I am working in an ISP company as a junior support specialist. Recently, I have a serious suspicions that one of our "head" stuff member is compromising me by being able to control(see) my traffic.. I think he uses such attacks as: "man in the middle attack", "port mirroring" etc.. And obviously, I really want to know how to detect and prevent "his" attacks.

Thanks in advance )

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    As written, this is very localized to your situation. I don't want to give you advice and then discover that I've been identified as an accessory in the subsequent indictment. Perhaps you could rewrite it to be less about you and more about the situation? – Mark C. Wallace Feb 15 '13 at 19:05
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    You could set up SSHD somewhere and use a SOCKS proxy. That's assuming you have control over your own machine - otherwise I wouldn't trust entering usernames/passwords/secure keys. – Bob Watson Feb 16 '13 at 0:46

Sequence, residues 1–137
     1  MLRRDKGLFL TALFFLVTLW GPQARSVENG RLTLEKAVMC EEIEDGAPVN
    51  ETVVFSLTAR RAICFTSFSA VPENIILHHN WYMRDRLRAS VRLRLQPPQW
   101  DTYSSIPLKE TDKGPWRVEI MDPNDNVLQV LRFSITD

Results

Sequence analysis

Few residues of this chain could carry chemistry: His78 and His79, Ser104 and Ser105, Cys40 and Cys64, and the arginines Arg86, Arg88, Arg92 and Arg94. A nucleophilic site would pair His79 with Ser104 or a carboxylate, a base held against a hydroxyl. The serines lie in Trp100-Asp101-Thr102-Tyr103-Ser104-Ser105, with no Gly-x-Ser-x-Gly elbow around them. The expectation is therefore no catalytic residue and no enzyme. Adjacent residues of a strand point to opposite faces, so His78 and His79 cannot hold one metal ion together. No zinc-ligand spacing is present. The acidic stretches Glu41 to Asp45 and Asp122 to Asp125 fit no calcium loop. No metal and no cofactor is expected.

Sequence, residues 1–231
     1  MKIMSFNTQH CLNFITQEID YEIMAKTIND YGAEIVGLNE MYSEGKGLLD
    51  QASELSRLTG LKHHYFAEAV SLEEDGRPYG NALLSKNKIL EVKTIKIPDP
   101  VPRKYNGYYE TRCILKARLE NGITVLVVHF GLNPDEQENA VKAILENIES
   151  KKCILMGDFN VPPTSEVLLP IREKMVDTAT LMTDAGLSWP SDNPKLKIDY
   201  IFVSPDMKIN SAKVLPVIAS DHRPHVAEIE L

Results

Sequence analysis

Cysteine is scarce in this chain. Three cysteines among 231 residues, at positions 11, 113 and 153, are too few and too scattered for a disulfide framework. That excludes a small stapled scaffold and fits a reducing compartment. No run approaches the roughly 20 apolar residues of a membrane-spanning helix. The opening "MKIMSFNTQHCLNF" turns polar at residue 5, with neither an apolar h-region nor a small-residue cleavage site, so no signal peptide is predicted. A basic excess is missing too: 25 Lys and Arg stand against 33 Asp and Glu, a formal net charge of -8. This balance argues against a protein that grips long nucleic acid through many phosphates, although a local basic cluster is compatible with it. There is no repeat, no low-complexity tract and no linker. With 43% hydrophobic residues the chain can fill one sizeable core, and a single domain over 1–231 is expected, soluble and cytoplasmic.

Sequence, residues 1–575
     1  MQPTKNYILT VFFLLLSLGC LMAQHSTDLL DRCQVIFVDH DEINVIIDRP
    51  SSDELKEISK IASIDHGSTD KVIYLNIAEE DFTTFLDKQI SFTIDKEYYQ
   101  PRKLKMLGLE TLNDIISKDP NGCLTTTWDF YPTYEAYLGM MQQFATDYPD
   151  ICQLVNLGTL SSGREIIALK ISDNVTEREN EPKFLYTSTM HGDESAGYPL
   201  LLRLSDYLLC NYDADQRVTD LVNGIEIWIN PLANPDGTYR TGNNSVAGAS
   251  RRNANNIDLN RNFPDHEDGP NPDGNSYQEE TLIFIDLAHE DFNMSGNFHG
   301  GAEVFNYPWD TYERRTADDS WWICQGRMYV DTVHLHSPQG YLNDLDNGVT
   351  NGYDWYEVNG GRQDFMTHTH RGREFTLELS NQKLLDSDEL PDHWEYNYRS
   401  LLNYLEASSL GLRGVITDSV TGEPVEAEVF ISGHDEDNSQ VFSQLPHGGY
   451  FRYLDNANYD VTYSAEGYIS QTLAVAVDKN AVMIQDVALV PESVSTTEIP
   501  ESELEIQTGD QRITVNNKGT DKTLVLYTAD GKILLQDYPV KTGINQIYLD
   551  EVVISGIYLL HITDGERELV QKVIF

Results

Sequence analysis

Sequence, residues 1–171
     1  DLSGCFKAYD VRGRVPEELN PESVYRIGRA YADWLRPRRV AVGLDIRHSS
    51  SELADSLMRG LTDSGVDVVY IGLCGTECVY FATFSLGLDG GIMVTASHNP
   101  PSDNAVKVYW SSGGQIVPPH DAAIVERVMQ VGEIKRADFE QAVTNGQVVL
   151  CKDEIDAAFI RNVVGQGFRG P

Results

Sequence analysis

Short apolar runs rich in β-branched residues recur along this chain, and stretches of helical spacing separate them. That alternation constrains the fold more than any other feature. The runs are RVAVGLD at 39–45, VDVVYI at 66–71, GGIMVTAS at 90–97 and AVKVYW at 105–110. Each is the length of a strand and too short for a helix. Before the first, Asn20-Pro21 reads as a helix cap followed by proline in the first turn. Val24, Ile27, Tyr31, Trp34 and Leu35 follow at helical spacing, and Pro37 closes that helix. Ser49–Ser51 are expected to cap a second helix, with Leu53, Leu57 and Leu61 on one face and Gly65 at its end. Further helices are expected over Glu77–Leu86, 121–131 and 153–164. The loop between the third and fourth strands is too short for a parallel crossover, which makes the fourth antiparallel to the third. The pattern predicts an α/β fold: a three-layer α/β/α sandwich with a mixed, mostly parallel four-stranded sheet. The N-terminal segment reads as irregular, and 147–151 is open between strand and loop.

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    Expect your boss to monitor (and potentially alter) any sites you visit unless you encrypt your data. Only trust https/ssh/vpn or similar (with trusted keys or known fingerprints) for secret info. This prevents man in the middle attacks or eavesdropping on anything other than the level of traffic and the IP address you are communicating with. As Bob Watson's great advice, a SOCKS proxy is simple to setup with ssh (setup ssh server at yourdomain.com, go to terminal run ssh -fND localhost:12321 you@yourdomain.com and in a browser setup SOCKS proxy to port 12321) to encrypt all your traffic. – dr jimbob Feb 16 '13 at 8:16